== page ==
Kyogre and Groudon have always been two of the most popular legendary Pokémon in any format whenever they are legal. Their ability to set up the weather has given them great ability to boost their power as Kyogre can bring rain to increase the power of its Water-type moves, and Groudon can bring Sun to decrease the damage it takes from super-effective Water-type moves. Their inclusion on teams typically means they tend to function as a player's primary Dynamax Pokémon, utilizing items such as an Assault Vest to increase their Special Defense or damage-boosting items such as Mystic Water or Life Orb.

Kyogre and Groudon have had a few adaptations across the format as a whole, though one shouldn't expect them to diverge too much from the aforementioned items. Though it saw a drop in usage in June, Hyper Beam on Assault Vest Kyogre as a form of speed control via Max Strike could see a resurgence in London. With Tornadus starting to be more confident going for Icy Wind into opposing Kyogre, Max Strike could be a way for Kyogre to mitigate the speed drop. 

Calm Mind Leftovers also has the possibility of making a decent run. It functions similarly to Assault Vest but also comes with a special attack boost in addition to special defense. This comes at the cost of coverage (needing to choose between Thunder and Ice Beam), forced Origin Pulse with no Water Spout, and needing an extra turn to set up when needed.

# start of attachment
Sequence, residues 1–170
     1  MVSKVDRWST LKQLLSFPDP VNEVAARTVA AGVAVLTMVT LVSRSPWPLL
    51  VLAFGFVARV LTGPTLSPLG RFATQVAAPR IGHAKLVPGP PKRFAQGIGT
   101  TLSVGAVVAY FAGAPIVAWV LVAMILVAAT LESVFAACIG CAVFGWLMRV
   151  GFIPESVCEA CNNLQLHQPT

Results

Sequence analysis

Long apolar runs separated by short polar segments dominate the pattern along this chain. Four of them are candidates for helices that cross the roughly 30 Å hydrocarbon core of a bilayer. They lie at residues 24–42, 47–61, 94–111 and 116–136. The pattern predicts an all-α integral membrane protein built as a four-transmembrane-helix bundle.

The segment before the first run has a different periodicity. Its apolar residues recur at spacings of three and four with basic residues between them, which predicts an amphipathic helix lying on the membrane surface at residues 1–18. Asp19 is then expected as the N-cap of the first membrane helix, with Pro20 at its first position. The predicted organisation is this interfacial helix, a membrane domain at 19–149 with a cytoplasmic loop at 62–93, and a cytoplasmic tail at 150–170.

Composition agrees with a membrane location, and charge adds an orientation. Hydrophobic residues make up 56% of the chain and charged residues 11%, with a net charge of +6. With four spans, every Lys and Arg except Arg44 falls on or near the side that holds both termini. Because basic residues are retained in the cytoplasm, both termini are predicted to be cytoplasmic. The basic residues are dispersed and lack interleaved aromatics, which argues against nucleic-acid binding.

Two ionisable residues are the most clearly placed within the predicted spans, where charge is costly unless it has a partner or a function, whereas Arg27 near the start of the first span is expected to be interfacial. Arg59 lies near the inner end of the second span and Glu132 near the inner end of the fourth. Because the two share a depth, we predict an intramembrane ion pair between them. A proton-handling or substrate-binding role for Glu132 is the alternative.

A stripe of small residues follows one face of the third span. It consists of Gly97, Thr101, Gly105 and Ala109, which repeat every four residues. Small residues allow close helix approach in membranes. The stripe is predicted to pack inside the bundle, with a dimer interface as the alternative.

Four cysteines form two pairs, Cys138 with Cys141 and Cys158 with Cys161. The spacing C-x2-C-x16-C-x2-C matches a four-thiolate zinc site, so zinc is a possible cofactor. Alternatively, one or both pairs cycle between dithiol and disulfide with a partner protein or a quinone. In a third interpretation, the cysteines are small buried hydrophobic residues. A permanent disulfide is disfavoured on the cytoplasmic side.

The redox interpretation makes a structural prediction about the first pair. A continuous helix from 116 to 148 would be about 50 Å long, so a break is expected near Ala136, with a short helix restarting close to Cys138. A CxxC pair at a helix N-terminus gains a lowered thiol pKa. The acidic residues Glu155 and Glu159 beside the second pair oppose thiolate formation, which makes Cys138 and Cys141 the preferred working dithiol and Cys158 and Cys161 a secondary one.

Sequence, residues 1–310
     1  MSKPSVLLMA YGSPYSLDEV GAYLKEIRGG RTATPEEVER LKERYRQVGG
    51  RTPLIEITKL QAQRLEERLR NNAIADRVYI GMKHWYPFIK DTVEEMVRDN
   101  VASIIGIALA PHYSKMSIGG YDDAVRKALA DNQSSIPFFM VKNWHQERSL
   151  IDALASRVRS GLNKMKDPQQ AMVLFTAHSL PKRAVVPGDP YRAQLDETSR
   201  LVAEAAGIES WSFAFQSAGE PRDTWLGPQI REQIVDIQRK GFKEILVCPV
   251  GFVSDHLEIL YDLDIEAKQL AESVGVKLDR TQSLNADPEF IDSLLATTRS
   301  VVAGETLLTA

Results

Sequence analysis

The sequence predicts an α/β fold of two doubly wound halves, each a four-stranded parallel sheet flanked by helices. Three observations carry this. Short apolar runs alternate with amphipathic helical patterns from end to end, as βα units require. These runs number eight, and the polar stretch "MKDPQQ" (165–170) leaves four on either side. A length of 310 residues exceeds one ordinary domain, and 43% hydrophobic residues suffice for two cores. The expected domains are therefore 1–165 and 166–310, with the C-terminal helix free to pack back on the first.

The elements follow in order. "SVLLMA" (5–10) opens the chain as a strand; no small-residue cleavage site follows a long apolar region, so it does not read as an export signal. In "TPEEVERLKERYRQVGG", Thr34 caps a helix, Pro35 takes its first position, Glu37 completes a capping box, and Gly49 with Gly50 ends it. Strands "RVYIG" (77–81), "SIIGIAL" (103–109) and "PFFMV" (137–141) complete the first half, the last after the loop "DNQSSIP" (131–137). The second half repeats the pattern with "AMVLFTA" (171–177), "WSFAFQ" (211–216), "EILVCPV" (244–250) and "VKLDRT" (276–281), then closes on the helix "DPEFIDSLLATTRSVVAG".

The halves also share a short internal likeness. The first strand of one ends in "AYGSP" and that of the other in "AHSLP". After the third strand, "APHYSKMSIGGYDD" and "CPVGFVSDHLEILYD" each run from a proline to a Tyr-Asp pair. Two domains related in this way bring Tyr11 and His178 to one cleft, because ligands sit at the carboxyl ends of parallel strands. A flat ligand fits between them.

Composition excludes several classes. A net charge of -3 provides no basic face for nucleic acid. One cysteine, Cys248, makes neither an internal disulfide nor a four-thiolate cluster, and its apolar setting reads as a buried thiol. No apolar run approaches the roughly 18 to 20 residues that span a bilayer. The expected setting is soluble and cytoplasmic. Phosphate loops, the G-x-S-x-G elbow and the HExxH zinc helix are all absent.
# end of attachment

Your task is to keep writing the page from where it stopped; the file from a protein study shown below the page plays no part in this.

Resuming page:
Groudon is a bit different. Throughout the format, Groudon has slowly been phasing out some of its long-standing options. Rock Slide has decreased dramatically in favor of Stone Edge and Rock Tomb, due to the former's superior damage output and the latter's greater accuracy and speed drop. Fire Punch has been replaced with Heat Crash with Groudon players realizing that their targets don't tend to Dynamax. This could change given the performance that both Kyogre Kartana and Kyogre Venusaur teams but up at NAIC, but it's not guaranteed given how likely Charizard is to be on a Groudon team. Lastly, Heavy Slam on Assault Vest sets is now changing to Shadow Claw, since Groudon are getting less out of Steel coverage and Max Steelspike boosts in the current format, and how well Shadow Claw does at removing Shadow Rider Calyrex and threatening other Pokemon with defense drops. 

The fastest-restricted legendary Pokémon, Calyrex-Shadow has become an excellent Pokémon for players who love playing aggressive games. Calyrex-Shadow has enjoyed the company of Pokémon that can help it function, such as Whimsicott, Indeedee-Female, or Clefairy, or more offensive partners such as Regieleki and Mienshao. Its powerful spread move Astral Barrage can deal a lot of damage and becomes even stronger after it KO's an opposing Pokémon. Players have opted for items such as Focus Sash to compensate for its poor bulk or more offensive items such as Choice Specs to help it deal even more damage.